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On the day before Texas Democrats wrapped up their Don Quixote adventure in Fort Bend County this week, the party released a list of almost two dozen state House districts they think they might be able to wrest away from Republican incumbents in November.
And in spite of the Democrats’ comeuppance in House District 28, where Republican Gary Gates beat Eliz Markowitz by 16 percentage points, there are good reasons to keep paying attention to the partisan competition ahead.
The lists of competitive races are similar no matter who is pulling them together, and currently range from 20 to 30 seats depending on the list-maker. Journalists, political scientists, consultants, donors and the parties use many of the same tricks: Past election results, mostly, seasoned with turnout forecasts, polling, assessments of the political environment and of the popularity or lack of it at the top of the major tickets. The Democrats, for example, had 22 House races on the list they released Monday.
Contests where the results in 2018 were tight — under 5 or 10 percentage points, for instance — make the lists. Districts where otherwise safe incumbents have made dire political mistakes are open to conjecture. Incumbents in districts where the other party’s candidates won the last presidential or U.S. Senate races, or both, rank high.
House District 28 was on those lists, and will still be there in November — even if the same two candidates emerge from the primaries (Markowitz is unopposed in March, while Gates has an opponent). That’s because general elections in presidential years don’t always unfold the same way as special elections, like the one this week. Bet on the Republican, if you’re inclined to wager. This is a Republican district that hasn’t gone for a Democrat in any of the races at the top of the ballot, but the results there have been close enough in the last two elections to keep HD-28 in the possible-but-unlikely category. In this week’s election, the Democrats discovered the cost of overconfidence.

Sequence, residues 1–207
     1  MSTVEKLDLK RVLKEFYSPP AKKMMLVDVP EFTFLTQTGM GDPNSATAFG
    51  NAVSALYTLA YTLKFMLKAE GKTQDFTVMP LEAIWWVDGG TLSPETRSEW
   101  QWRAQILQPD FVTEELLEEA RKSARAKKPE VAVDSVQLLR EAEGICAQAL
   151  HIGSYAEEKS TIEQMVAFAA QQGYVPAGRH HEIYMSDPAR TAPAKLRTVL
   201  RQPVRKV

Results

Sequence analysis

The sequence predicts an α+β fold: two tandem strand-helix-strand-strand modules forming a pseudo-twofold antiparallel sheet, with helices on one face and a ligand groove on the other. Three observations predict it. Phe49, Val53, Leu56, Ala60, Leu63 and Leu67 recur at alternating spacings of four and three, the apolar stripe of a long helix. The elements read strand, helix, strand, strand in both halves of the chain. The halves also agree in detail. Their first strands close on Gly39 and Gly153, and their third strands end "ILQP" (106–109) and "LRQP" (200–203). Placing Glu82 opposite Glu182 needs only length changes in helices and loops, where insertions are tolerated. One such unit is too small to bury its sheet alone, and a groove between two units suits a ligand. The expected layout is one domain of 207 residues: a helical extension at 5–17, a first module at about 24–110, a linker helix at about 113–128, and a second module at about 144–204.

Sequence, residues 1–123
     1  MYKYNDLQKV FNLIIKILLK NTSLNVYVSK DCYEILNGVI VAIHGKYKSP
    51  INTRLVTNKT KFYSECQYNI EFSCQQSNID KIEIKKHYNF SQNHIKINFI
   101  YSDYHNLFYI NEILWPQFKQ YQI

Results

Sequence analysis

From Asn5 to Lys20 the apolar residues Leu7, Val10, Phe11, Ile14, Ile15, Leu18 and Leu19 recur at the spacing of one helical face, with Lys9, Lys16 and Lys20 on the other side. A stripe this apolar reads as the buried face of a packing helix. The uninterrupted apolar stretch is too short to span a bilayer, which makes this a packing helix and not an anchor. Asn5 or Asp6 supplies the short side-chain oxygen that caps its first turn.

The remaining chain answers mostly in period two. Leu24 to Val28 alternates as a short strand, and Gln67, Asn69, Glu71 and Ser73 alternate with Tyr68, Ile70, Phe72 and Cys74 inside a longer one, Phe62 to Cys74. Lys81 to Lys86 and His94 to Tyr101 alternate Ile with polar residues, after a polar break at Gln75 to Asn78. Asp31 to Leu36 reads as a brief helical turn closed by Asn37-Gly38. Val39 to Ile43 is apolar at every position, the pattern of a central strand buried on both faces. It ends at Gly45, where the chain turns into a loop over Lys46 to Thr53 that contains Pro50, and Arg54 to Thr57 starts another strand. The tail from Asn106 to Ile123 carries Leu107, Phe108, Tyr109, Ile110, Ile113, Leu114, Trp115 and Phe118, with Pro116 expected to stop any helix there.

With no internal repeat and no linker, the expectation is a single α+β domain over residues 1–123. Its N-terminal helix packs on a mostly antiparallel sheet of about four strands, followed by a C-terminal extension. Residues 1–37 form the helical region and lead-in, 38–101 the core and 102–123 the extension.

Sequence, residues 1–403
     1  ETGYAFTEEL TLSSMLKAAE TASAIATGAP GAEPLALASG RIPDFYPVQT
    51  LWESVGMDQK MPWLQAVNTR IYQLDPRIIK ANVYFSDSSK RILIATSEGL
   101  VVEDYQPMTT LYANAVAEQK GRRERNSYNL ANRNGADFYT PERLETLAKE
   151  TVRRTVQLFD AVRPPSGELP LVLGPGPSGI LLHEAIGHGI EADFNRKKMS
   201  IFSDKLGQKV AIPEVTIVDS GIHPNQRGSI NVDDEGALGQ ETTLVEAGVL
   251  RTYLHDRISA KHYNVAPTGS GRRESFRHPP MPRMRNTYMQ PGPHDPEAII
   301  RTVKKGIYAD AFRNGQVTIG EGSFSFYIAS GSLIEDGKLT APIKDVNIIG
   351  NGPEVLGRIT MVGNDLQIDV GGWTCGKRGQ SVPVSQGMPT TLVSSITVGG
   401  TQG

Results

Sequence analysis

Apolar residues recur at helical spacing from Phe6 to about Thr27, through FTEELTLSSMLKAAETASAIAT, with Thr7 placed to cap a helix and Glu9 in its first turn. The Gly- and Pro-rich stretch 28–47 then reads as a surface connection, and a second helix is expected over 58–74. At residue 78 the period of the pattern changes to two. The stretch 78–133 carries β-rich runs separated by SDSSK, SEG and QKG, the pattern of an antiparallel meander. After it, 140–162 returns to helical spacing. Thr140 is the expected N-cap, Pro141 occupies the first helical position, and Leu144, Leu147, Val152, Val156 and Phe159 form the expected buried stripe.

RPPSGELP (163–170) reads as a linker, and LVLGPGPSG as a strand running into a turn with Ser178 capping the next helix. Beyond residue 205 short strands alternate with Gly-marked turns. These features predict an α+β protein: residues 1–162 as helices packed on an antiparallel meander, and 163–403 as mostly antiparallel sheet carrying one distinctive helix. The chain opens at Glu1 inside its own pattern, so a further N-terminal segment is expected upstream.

Many districts — the ones where the campaigning and political spending will be concentrated — are much more competitive. Sure, the Republicans are celebrating their Fort Bend County win and the Democrats who asked for voter support got a resounding “Nope!” in response. But while that shifted the political rhetoric in the state, the parties didn’t change their positions in the Texas Legislature. In that and two other special elections this week, a Republican won in a district that had been held by a Republican, and two Democrats won in districts that had been held by Democrats.
The partisan balance in the Texas House is as it was: 83 Republicans and 67 Democrats.
And the party goals in the November general election line up the same way, too. Republicans, who lost 12 House seats to Democrats in 2018, think at least some of those results were just bad breaks in an unusual election year. They think they can hold the seats they have and win some others back, increasing their advantage in a Texas House that will start 2021 by electing a new speaker and then will draw new political maps based on the 2020 census — maps that could extend their legislative dominance for another decade.
The proposition from the Democrats is that 2018 marked a change in the state’s political direction. Holding onto the dozen seats they picked up that year and winning nine more would make them the majority party in the House for the first time since the 2002 elections. It would give them a Democratic speaker to partially offset a Republican governor and lieutenant governor. It would lessen their disadvantages in drawing new maps for congressional and legislative districts next year.
It would also wash the taste of last Tuesday’s loss out of their mouths.
This week’s results didn’t do much to the odds or the balance in Texas politics. And the special election didn’t remake the 2020 battlefield in a significant way. It was just the first scrimmage in a months-long contest.